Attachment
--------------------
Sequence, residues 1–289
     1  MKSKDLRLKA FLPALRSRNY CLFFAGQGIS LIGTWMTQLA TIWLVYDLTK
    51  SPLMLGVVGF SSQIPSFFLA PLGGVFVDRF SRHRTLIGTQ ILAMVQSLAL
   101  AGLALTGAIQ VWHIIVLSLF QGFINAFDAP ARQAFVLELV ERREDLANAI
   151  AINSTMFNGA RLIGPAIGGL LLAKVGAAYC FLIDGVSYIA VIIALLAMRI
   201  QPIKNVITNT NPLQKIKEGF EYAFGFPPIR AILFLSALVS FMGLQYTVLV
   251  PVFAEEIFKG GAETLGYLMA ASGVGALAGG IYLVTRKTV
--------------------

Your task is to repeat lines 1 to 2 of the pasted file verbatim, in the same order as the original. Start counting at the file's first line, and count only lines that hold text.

Sequence, residues 1–289
     1  MKSKDLRLKA FLPALRSRNY CLFFAGQGIS LIGTWMTQLA TIWLVYDLTK